“And I guess getting the audience involved is a great way to do that!” she concedes, laughing.

Music and risk

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Even when she isn’t inviting the audience into, say, the bathroom with her for a little acoustic exploration, her preferred ways of working leave her open to the artistic ideas of collaborators both in creation and interpretation, especially through her regular work with collectives such as thingNY and Varispeed. Experimental music has allowed her to take “very seriously the idea of making work with your friends”—collaborations she finds to be fun and efficient because everyone brings a deeper level of appreciation and understanding to the table.

Further explaining her interest in such work and the opportunities it brings, Bell says, “I have full control over my performance and my body, and I’m not interested in having full control over any other performer’s body. I work with a lot of people who are composers in their own right and they have their own musical intelligences, and so I’m much more interested in creating a musical situation where we can all embody that.”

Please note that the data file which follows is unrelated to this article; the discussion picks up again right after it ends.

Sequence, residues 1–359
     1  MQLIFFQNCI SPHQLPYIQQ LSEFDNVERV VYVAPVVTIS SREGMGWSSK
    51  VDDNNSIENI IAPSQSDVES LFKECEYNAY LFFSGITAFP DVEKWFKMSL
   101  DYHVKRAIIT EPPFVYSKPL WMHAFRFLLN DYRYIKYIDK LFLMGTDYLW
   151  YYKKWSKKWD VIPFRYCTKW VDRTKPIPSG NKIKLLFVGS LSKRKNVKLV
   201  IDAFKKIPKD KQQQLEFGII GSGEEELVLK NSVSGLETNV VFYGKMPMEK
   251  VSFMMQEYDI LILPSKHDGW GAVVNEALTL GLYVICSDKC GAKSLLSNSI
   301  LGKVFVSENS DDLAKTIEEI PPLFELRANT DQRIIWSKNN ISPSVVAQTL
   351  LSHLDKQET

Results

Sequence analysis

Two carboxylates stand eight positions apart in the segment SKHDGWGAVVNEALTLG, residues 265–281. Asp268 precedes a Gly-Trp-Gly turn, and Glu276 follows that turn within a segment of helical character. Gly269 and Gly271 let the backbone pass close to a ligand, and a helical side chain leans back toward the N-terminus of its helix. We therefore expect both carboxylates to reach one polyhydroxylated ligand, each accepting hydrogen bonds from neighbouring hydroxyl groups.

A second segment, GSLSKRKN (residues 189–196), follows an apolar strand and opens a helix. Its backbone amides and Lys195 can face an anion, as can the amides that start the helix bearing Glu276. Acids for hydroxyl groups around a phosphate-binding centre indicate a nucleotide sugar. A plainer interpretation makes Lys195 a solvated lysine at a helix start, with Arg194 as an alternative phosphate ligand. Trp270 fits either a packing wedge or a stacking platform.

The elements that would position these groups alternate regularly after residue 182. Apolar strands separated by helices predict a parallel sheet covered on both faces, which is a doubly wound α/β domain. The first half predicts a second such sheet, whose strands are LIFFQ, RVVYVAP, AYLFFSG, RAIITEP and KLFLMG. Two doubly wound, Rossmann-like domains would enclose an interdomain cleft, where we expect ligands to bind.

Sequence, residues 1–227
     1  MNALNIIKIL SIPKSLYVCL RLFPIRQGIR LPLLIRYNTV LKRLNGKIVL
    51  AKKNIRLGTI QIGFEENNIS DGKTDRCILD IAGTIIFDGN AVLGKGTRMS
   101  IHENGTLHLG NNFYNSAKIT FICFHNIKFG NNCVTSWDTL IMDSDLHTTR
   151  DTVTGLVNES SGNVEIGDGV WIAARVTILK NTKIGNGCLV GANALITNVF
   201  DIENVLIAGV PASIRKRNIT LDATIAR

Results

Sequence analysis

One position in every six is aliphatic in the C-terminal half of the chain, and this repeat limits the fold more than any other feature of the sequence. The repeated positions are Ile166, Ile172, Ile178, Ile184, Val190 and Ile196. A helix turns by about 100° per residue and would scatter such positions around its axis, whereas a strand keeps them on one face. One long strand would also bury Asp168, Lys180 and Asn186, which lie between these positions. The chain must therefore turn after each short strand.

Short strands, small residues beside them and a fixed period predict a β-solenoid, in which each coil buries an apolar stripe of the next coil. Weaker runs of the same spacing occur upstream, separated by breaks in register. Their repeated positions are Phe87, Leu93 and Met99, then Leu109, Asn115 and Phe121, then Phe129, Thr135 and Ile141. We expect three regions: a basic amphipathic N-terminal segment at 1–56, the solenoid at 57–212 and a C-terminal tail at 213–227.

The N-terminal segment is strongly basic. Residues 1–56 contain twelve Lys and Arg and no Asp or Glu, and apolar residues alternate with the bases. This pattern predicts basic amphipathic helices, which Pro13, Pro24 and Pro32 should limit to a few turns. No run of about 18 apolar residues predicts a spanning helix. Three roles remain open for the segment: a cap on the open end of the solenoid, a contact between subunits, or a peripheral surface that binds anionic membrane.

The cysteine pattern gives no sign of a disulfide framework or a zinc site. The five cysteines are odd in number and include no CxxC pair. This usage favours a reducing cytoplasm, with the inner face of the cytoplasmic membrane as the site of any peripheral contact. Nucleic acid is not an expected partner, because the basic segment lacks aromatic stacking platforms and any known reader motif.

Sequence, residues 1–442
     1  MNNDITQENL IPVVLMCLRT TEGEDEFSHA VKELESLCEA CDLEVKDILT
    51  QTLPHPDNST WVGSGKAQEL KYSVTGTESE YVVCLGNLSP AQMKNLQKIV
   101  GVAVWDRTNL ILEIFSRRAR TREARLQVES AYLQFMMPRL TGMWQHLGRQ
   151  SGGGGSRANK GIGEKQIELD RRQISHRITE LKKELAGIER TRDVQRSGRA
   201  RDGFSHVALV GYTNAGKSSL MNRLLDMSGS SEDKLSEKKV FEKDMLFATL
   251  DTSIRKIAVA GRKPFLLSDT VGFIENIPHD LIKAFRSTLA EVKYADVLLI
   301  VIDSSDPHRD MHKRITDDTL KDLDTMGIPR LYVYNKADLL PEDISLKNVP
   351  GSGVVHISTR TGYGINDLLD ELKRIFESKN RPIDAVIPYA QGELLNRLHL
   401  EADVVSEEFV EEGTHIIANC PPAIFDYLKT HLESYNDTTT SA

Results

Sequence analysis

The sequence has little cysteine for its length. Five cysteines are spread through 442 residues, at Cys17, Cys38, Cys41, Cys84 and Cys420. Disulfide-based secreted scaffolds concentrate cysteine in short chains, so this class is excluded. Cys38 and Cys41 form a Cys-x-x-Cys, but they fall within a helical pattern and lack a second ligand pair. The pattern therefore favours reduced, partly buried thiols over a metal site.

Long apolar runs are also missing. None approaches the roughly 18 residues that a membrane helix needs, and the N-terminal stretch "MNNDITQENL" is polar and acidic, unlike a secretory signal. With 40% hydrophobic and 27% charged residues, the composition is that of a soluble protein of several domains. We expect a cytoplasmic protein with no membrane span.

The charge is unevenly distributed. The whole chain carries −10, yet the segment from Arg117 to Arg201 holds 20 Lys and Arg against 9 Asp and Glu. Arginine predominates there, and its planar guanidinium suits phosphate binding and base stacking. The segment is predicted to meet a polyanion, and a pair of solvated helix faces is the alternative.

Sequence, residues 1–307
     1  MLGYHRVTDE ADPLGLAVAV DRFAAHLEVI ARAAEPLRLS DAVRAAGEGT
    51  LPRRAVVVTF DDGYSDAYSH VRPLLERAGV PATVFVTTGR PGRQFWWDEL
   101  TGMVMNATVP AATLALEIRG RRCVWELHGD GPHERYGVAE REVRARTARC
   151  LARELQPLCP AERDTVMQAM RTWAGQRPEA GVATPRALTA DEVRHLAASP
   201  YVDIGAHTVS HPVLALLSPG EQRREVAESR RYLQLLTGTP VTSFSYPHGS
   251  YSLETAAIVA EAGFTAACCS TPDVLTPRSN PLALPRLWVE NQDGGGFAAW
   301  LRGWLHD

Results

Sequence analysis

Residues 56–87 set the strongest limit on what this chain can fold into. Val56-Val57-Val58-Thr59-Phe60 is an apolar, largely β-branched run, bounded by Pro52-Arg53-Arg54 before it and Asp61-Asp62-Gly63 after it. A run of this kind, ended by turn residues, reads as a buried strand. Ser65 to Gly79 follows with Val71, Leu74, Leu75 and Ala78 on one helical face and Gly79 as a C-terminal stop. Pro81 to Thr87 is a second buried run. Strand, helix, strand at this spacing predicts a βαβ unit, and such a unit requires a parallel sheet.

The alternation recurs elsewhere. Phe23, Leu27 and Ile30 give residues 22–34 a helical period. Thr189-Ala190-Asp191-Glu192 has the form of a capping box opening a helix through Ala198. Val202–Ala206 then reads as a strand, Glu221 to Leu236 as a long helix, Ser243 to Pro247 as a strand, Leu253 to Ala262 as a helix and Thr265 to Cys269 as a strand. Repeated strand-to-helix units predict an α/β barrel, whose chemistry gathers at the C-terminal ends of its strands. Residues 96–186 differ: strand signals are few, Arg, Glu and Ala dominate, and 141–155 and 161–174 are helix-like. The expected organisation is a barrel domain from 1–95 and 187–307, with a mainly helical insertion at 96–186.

Bell's score for rolodex

Bell’s score designed for delivery via Rolodex currently in development.

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This openness to exploring ideas is one of the things Bell finds attractive about both the experimental music scene and academic environments—two places where she finds she can be playful and curious in different yet complimentary ways.

She earned her Ph.D. in performance studies from New York University in January 2015 and is currently at work on a host of new pieces for upcoming performances this spring. On reflection, Bell says she feels somewhat like she’s at the cusp of more fully blending her various pots of experience—pockets that she previously kept somewhat isolated from one another.

I feel like I’m at this place of total exploration and I’m just having faith that I’m going to come out with something. I feel like I’m really in that mode where you’re just like, okay, I’m an artist. I have to let myself fail. I have to try a million things. I have to hate stuff, I have to love stuff, and I have to trust that if I put something on that’s really horrible it won’t be that no one wants to see anything that I do ever again. And just have faith that this kind of dream of some sort of sound that I have in my head that doesn’t have these intense boundaries can happen.